Since 1989, the California DMV is legislatively mandated to produce an annual report that analyzes data regarding driving under the influence of alcohol and/or drugs. The most recent report, the 2015 Annual Report of the California DUI Management Information System, analyzes data from 2003 to 2013. This report gives us an objective look at DUI realities in the state.

We can start with the rate of DUI arrests over the ten year span. From 2003 through 2013, the rate of DUI arrests per 100,000 licensed drivers has been fairly consistent at a little under 1%, with a noticeable bump in 2008 and a significant decline in 2012-2013.

(This post applies only to persons over the age of 21 or who are not on probation for a previous DUI.)

What should you do if you are stopped while driving a vehicle and the cop suspects you are driving under the influence of alcohol? The laws that govern a DUI stop provide you with less rights than you would have during an ordinary police contact. The premise underlying this diminished due process on a DUI stop is that driving on California roadways is a privilege, not a right, and therefore you are not afforded all the protections provided in the Constitution. But you still have certain rights when you are stopped on suspicion of DUI.

When you are pulled over for suspected driving under the influence, you are considered detained and you are not free to go. Even though the officer has not yet read you your “Miranda rights,” which is not required until you are arrested, your right to remain silent is triggered at the time of the detention. You must provide the officer with your driver license (and car registration) but beyond that you do not have to answer the officer’s questions. As with any police detention or arrest, your best approach is to be politely cooperative and provide your identification, but to let the officer know that you wish to remain silent.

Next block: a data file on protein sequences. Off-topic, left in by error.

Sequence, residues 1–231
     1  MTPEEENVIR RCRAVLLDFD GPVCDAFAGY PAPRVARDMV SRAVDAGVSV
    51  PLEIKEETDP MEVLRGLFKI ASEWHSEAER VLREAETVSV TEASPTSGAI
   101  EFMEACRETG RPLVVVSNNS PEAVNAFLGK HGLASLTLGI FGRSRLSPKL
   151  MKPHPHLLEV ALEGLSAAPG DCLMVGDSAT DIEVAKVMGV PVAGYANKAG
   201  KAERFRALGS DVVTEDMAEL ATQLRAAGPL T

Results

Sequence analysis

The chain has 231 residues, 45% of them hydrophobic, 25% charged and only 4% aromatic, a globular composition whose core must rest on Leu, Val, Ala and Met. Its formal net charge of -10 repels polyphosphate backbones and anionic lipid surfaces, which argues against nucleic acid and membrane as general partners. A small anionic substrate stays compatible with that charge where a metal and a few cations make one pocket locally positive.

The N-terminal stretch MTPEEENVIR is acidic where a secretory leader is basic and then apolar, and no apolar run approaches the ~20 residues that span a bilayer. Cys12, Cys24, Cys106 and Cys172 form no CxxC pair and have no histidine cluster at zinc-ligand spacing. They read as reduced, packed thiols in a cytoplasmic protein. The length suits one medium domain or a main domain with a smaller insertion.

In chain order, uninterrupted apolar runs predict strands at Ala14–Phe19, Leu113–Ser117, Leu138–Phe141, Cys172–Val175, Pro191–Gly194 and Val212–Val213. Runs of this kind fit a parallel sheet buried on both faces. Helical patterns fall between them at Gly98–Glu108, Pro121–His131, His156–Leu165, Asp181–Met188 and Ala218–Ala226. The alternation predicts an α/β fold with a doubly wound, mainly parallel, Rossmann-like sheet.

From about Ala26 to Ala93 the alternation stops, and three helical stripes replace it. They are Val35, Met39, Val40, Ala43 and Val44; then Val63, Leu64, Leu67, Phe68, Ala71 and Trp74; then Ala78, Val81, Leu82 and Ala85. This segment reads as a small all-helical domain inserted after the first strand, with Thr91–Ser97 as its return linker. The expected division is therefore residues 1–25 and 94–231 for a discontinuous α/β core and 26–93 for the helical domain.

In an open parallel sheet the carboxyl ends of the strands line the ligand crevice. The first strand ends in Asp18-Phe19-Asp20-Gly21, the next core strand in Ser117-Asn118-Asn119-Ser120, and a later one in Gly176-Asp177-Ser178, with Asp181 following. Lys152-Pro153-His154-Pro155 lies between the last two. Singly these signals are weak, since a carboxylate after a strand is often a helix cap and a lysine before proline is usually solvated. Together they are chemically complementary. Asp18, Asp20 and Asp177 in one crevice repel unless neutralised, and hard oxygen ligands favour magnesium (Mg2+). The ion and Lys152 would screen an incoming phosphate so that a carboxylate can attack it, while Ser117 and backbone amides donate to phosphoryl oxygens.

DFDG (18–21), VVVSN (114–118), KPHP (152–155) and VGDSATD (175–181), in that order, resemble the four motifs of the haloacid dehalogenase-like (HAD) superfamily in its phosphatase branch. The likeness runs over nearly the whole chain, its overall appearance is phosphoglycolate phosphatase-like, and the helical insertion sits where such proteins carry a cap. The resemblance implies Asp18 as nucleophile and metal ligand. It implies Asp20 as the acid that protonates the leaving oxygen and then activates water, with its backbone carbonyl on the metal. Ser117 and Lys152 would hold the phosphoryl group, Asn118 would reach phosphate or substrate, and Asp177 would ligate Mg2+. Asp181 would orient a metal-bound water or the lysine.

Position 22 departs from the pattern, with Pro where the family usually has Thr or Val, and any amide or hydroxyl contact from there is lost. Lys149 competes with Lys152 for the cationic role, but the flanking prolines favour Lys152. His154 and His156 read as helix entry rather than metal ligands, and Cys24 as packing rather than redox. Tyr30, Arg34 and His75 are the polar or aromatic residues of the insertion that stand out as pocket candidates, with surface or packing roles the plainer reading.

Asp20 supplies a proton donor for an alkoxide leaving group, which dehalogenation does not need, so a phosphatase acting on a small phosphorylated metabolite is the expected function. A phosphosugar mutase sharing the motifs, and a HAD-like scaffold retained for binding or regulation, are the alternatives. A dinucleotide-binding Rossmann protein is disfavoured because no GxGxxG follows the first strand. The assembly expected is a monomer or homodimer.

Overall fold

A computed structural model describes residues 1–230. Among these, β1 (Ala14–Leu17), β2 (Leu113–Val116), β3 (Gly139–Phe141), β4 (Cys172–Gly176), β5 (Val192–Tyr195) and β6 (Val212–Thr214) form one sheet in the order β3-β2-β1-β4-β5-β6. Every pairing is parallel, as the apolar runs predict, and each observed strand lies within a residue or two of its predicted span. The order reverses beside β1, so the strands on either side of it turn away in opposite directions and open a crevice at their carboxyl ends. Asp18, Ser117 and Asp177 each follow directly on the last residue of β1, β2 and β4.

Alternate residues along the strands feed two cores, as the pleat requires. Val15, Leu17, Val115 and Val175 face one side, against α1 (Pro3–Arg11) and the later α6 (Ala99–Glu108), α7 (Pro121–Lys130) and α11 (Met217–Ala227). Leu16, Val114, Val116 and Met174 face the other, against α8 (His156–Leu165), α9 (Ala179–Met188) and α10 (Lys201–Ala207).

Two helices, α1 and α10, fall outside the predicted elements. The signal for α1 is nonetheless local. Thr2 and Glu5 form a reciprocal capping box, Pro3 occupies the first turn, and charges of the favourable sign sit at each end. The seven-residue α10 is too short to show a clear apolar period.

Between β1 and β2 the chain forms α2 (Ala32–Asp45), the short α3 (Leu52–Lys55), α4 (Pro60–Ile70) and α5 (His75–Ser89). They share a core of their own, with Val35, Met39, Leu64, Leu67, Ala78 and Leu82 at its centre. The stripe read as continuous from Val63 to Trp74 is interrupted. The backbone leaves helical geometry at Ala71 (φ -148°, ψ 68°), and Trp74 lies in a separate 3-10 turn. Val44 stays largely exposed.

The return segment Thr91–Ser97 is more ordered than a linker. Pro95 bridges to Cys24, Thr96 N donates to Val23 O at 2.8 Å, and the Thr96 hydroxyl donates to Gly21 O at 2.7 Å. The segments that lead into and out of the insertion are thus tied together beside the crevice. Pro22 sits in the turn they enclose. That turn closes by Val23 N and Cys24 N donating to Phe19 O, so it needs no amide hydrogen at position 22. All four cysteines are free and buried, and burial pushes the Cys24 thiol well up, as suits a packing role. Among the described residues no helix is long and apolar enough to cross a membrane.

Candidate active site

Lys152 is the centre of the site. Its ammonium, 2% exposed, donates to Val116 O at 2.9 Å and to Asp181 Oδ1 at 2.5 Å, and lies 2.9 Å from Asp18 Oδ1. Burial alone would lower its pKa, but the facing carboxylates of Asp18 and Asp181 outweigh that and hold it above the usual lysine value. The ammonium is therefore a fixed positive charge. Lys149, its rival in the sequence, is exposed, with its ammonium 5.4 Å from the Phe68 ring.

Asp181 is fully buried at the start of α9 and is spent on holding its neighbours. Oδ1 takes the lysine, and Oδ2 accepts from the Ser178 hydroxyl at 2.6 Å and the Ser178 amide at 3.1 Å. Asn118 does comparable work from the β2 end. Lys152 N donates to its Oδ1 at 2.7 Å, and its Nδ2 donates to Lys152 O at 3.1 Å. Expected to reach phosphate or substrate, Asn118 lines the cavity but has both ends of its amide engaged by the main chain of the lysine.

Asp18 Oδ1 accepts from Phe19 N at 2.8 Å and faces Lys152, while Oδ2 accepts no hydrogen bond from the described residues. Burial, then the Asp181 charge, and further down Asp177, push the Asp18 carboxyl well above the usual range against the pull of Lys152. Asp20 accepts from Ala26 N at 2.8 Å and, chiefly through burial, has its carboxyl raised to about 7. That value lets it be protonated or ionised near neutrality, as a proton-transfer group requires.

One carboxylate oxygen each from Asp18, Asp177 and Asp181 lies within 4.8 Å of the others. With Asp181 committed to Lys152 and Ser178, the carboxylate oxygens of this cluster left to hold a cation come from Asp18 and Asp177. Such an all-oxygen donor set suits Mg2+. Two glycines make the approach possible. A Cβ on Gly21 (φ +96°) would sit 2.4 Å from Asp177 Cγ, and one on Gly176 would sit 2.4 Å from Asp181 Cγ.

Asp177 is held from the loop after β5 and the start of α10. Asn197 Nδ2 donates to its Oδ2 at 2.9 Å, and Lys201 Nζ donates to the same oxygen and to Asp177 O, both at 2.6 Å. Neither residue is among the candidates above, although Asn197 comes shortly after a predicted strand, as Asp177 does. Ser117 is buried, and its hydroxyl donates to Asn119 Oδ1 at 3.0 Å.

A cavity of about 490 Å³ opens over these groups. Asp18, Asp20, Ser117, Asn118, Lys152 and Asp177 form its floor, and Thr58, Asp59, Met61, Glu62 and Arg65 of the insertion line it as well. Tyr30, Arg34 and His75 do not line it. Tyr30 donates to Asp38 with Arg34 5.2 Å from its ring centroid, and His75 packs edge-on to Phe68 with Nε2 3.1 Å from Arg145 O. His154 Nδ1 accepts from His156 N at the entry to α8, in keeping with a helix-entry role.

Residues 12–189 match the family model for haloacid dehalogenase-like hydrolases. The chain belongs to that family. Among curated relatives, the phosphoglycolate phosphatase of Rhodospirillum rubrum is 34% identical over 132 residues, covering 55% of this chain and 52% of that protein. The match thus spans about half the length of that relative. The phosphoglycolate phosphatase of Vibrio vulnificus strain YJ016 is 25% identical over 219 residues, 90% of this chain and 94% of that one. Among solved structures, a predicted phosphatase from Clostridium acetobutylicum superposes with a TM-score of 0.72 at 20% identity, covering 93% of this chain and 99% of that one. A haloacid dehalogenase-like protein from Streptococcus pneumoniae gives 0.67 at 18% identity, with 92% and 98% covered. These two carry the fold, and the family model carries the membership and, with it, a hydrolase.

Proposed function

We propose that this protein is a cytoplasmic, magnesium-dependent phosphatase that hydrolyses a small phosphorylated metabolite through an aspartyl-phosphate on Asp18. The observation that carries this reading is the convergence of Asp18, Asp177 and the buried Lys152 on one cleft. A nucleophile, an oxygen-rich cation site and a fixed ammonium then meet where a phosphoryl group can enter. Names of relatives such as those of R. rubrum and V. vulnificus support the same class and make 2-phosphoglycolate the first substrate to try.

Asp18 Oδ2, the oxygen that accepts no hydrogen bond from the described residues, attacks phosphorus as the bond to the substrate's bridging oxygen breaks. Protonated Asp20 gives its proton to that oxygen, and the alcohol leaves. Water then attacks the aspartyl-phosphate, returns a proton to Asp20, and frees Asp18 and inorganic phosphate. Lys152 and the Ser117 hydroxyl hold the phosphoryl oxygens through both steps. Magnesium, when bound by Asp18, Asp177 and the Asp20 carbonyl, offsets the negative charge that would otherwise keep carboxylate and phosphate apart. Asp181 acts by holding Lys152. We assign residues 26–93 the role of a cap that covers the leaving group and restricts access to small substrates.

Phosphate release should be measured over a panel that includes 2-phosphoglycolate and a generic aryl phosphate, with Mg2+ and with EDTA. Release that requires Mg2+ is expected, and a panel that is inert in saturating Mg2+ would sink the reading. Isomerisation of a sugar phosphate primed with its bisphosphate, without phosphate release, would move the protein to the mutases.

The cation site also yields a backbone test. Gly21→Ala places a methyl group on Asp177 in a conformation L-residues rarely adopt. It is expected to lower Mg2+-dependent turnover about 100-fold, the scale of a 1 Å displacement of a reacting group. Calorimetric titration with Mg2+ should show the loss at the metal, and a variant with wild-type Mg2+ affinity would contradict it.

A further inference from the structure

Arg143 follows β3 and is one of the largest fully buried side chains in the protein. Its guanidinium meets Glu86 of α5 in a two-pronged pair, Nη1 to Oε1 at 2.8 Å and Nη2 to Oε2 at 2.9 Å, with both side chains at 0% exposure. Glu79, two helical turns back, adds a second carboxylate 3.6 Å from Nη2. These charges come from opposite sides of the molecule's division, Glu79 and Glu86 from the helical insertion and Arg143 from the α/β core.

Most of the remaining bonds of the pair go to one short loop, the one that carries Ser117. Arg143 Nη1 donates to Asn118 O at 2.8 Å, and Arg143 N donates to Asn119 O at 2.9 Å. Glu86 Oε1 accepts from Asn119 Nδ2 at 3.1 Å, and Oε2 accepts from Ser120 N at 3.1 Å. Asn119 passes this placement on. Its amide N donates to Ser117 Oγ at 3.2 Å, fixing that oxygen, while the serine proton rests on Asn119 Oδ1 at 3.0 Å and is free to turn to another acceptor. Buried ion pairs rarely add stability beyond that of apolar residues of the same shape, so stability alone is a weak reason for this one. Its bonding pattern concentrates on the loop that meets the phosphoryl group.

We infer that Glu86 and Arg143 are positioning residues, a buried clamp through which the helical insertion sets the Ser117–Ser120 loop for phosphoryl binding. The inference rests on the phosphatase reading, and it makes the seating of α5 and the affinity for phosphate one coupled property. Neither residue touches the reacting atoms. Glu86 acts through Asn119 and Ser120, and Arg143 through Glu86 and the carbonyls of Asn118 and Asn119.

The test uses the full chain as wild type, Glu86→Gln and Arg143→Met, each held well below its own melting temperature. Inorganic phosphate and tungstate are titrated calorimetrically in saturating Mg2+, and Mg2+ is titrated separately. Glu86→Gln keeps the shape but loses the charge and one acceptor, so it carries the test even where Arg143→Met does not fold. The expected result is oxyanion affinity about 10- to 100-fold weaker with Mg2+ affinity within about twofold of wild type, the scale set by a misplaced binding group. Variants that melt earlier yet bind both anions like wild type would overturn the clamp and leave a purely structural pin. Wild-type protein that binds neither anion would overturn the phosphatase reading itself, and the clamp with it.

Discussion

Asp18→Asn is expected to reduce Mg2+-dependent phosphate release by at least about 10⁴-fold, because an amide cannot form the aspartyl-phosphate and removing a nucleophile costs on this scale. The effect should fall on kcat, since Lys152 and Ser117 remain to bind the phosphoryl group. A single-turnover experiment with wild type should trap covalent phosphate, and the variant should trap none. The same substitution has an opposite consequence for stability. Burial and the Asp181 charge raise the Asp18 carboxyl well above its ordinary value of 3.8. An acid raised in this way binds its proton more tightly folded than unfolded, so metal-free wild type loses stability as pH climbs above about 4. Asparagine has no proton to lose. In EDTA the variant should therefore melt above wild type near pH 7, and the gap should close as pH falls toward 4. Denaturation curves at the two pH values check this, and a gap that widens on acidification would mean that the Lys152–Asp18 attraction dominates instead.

Many people don’t know that a DUI conviction may have other consequences beyond the driver’s license suspension, probation, and mandatory DUI classes. In California, there is a huge body of administrative law, much of it quasi-criminal. The immediate administrative per se suspension of a DUI arrestee’s driver license is an example of an administrative law. Although the courts have ruled that most administrative laws that sanction an individual are constitutional, many, if not most, of the quasi-criminal administrative laws do not afford the individual the same due process protections that the United States and California Constitutions guarantee in a criminal prosecution.

Many who are arrested for DUI in California will only experience the administrative consequences of a per se suspension of his or her driver’s license and DMV sanctions. However, what many don’t understand is that a DUI goes on the person’s criminal record and that can trigger other administrative sanctions in California.

For example, a person convicted of a DUI—even a first-time DUI—and who works as a child caregiver, or even just volunteers in an after-school program, will very likely hear from their employer that the State of California will no longer allow him or her on the premises. In other words, a childcare employee could find themselves barred from their place of employment simply because he or she was arrested and convicted of a first-time DUI.